Even when he was an egg, Ollie knew he was different to the other ducklings.
For a start, his egg was slightly bluish whilst their's were pure brilliant white. Even more obvious, was the size. His egg filled the nest pushing his brothers and sisters to the edge of the nest.
Mother Duck loved them all equally, even though Ollie looked different. Where his brothers and sisters were fluffy and brown after they hatched, he was scrawny and white.
Ollie's feet were long and thin like a chicken, his neck was long like a swan, his wings were stubby and he was much, much taller than his brothers and sisters.
"Perhaps you will grow up to be a swan," said Mother Duck.
"Quack," said the other ducks. "That's a fairy tale. Perhaps Ollie is just an ugly duck, eh?"
One day, it was time for the ducks to have their first swimming lesson.
Mother Duck lined them up and took them across the farm and down to the pond.
Ollie kept over taking the other ducklings and had to keep waiting.
"Perhaps," said Mother Duck, kindly, "you will be a moor hen when you grow up."
The ducklings took to the water easily, bobbing around and following Mother Duck. Ollie stood in the deepest part of the pond, with the water barely coming up to his knees.
"He's no swan," said the other ducks on the pond. "He's no moor hen. He's just an ugly duck. Quack."
The ducklings bobbed around eating duck weed, while Ollie waded around and ate the weeds at the side of the pond.
"Perhaps," said Mother Duck, sounding puzzled, "you will grow up to be a heron."
This made the other ducks laugh. "He's no heron," they quacked. "He's no swan and he's no moor hen. He's just an ugly duck."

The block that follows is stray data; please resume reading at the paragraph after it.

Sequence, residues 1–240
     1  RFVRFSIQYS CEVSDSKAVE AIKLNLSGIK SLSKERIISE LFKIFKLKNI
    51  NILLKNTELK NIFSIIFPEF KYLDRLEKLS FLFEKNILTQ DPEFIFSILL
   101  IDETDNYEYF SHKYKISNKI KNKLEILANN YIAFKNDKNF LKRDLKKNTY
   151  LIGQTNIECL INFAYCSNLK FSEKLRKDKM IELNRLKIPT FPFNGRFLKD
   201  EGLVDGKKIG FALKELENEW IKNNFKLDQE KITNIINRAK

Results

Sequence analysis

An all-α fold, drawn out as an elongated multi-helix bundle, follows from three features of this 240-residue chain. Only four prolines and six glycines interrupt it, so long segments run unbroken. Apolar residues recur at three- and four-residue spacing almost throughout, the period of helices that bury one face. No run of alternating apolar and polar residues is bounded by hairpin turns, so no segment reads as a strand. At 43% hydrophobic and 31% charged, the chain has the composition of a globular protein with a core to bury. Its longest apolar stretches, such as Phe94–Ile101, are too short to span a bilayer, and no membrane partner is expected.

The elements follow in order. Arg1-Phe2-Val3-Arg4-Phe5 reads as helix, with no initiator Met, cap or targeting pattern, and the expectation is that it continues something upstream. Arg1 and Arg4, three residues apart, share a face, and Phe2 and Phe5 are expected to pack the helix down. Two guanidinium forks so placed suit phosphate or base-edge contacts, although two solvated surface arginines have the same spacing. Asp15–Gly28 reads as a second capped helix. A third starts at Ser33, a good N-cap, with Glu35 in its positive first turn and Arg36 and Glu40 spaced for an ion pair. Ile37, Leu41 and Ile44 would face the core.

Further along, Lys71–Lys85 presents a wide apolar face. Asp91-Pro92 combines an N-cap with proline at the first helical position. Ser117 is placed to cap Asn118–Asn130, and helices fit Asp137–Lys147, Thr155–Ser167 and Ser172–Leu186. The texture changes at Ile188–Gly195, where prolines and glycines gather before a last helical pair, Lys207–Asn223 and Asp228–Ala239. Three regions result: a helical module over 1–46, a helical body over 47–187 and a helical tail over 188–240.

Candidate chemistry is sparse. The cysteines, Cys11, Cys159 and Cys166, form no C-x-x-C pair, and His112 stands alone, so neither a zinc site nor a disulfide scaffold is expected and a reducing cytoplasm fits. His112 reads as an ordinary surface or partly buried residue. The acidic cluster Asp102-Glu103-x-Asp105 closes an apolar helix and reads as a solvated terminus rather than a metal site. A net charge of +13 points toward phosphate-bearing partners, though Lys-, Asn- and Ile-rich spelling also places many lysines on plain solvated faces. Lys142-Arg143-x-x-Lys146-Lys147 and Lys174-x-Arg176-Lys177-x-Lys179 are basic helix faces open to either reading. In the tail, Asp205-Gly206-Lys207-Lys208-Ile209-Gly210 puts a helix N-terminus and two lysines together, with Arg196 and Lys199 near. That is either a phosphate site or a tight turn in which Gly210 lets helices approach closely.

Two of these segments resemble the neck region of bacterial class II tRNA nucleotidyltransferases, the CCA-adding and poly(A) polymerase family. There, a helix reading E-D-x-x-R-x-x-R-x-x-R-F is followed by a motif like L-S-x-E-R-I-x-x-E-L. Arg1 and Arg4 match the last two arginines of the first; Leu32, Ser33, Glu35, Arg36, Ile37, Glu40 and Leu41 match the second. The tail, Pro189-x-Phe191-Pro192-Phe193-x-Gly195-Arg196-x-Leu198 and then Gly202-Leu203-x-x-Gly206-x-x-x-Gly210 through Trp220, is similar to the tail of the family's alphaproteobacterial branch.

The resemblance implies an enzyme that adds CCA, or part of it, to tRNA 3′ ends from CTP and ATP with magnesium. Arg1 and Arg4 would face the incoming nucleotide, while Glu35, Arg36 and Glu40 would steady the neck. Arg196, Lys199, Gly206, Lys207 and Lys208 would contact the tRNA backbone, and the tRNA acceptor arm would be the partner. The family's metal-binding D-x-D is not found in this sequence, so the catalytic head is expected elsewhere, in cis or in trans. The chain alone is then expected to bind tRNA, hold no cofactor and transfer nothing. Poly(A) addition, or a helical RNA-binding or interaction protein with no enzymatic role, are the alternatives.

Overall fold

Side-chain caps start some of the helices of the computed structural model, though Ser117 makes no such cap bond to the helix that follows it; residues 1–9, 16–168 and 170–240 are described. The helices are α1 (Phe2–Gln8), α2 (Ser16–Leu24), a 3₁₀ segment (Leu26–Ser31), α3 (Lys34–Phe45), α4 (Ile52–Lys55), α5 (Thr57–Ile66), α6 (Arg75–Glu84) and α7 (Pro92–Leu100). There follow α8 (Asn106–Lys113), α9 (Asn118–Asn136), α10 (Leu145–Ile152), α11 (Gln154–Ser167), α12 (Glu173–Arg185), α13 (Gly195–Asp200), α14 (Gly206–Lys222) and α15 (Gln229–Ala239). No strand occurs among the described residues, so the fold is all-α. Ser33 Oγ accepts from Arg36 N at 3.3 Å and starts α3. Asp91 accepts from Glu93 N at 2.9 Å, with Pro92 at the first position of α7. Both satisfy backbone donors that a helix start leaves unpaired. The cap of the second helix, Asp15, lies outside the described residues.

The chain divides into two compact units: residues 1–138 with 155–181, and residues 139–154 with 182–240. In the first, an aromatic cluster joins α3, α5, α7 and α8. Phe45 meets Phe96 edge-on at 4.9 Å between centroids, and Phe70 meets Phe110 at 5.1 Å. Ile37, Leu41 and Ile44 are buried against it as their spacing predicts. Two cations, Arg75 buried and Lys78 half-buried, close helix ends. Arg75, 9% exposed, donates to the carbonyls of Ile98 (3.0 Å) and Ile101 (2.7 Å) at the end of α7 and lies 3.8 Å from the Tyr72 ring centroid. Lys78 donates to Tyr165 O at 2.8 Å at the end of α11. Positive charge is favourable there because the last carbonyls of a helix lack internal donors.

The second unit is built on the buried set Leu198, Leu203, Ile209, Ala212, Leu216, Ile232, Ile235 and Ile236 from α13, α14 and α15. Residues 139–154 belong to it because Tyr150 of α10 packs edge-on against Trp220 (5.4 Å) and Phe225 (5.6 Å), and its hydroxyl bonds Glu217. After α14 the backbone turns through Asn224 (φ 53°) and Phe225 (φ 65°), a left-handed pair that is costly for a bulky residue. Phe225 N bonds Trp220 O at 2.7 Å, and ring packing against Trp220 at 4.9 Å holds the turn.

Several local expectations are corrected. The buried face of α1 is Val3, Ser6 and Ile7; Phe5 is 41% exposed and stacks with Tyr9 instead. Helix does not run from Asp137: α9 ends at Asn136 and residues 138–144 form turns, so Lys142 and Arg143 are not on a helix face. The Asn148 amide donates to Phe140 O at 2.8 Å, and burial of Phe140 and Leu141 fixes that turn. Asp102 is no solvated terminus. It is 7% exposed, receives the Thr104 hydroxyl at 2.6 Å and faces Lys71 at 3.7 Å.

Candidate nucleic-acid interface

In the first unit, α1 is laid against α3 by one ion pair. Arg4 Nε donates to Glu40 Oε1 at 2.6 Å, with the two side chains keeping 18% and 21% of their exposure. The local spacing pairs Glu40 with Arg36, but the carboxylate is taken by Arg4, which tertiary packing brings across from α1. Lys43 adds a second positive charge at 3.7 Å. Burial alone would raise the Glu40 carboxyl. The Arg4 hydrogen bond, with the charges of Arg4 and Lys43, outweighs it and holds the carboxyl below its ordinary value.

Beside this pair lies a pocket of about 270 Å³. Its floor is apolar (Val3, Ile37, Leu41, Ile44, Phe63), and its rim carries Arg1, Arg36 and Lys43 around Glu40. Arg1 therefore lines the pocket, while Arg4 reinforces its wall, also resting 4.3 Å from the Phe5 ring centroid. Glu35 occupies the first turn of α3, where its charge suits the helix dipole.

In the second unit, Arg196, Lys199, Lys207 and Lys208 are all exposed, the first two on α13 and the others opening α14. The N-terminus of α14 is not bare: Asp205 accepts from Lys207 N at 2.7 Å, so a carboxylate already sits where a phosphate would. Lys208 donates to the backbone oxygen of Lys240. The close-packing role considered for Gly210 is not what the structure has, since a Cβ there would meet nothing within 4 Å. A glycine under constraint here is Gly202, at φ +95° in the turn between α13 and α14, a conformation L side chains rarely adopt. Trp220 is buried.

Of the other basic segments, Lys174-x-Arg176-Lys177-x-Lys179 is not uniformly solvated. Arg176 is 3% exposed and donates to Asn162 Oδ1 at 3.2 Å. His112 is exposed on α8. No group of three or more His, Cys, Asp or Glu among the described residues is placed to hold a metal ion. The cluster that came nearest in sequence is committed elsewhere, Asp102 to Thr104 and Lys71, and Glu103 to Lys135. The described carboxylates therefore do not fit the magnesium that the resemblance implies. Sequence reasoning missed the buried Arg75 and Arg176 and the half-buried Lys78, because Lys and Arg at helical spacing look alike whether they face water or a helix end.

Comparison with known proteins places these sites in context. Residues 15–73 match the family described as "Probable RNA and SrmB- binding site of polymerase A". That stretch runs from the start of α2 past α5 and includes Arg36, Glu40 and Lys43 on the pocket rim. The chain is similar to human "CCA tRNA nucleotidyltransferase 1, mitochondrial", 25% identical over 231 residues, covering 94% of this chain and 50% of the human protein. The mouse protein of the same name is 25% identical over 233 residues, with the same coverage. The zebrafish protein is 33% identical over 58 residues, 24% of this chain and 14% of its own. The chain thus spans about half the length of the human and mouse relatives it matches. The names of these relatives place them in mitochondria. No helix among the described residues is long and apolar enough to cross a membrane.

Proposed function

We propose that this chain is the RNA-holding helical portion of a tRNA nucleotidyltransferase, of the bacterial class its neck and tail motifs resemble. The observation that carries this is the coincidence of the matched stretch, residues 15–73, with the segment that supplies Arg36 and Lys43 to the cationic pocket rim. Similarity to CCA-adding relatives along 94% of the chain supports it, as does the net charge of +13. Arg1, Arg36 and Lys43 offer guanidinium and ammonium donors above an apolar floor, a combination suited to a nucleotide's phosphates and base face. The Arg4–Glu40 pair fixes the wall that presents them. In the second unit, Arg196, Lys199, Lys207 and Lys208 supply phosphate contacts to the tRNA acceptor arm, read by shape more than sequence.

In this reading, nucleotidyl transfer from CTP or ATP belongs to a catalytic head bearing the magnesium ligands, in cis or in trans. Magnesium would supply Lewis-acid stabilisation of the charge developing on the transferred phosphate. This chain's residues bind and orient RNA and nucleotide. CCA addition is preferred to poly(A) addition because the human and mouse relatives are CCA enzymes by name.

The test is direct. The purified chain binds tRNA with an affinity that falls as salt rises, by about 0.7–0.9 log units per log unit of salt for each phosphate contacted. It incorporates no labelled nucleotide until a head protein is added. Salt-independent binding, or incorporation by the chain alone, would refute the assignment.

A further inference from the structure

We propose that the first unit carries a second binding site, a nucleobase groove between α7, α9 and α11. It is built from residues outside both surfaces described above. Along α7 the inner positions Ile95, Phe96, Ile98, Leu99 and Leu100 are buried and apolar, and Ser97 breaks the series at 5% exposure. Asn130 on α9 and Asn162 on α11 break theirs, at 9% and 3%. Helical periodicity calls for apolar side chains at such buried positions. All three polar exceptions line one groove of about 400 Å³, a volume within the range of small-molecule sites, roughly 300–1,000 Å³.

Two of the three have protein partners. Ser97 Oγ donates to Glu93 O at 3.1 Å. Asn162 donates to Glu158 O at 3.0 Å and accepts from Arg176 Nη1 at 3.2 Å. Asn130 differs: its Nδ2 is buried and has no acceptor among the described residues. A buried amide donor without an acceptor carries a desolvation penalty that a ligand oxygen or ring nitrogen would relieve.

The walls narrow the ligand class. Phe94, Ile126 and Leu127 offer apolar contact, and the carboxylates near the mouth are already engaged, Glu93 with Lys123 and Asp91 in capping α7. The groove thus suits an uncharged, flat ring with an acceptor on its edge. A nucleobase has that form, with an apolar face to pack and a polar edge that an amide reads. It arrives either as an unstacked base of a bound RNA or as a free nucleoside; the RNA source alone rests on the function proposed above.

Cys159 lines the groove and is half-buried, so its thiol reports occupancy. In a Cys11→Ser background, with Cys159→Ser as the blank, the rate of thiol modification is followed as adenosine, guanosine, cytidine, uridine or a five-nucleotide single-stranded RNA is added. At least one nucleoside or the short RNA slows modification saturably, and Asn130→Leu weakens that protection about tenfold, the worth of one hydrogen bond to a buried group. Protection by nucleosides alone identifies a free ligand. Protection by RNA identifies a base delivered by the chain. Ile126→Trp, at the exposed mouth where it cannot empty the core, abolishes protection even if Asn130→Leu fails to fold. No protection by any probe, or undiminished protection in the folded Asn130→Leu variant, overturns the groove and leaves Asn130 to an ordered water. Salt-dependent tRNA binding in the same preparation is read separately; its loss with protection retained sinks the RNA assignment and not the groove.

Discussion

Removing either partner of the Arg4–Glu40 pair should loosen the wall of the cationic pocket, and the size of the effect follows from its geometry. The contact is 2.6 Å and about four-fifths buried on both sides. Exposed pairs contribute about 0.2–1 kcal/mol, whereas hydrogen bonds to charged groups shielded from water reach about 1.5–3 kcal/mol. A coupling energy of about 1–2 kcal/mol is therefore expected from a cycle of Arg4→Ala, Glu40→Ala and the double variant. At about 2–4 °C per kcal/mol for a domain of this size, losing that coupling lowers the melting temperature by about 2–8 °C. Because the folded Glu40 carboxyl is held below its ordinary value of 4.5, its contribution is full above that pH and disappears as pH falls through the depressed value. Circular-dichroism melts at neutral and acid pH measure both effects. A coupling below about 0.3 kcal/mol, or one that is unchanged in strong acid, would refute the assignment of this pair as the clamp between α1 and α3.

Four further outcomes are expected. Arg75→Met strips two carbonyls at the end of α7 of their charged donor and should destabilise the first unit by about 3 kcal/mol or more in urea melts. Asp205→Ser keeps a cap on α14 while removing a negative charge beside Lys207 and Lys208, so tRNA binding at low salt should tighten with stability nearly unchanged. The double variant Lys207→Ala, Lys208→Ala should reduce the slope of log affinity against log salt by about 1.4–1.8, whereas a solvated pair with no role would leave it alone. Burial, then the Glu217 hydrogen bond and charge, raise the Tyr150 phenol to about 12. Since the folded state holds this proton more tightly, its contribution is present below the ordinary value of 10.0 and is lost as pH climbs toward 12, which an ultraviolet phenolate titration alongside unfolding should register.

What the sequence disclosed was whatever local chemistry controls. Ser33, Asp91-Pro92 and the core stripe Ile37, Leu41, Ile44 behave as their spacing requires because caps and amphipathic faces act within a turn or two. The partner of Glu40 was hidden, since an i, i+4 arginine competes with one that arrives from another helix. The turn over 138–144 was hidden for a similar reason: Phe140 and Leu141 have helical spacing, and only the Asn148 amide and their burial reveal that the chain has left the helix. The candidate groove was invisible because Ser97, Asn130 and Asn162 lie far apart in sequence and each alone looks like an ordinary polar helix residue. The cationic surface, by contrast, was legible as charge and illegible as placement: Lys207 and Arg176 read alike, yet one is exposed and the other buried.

Ollie was a sad duckling. He climbed out of the water and watched his duckling brothers and sisters bob on the water a little tear rolling down each cheek.
As the months passed, all the ducklings grew. Ollie grew more.
"Perhaps," said Mother Duck, straining her neck to look up at her son, "you will grow up to be an eagle."
The other ducks fell about laughing. "He's no eagle," they quacked loudly. "He's no swan, he's no moor hen and he's no heron. He's just a very tall ugly duck."
Ollie could not take the teasing any more, and just before winter set in he left the nest and hid among the reeds.
Poor Ollie wasn't very good at hiding. Mother Duck was able to see him from anywhere, because he was taller than the reeds, he was taller than the grass, he was taller than hay bales.
"Perhaps," said Mother Duck, "you will grow up to be an albatross."
"Quack quack quack," said the other ducks. "He's no albatross, he's no swan, he's no moor hen, he's no heron and he's definitely no eagle. He is just a very very tall and ugly duck."
The snow came suddenly and covered the world in white.
The pond froze over, and the ducks went skating. Ollie's brothers and sisters were now chubby little ducks, joining in the fun.
Until the snow became too deep and Mother Duck cried: "My ducklings! They are missing!"
Ollie was the only one who could save them. His long, long legs strode through the deep snow and found all of his little brothers and sisters.
When spring came, the ducklings took their first flying lesson. One by one they took off unsteadily. Poor Ollie flapped his stubby wings and tried to follow them, but he was now far too big and his wings were far too little.
Mother Duck looked sadly at her son. "Perhaps," she said, "you have grown into a stork."
The other ducks were about to laugh when one of Ollie's very large feet landed on the biggest duck.
"I know I'm not a stork," he said. "Or a swan, or a goose, or a heron, or an eagle not even an albatross."
"Quack," said the duck being squashed. "What are you then?"
"I'm an ostrich you moron."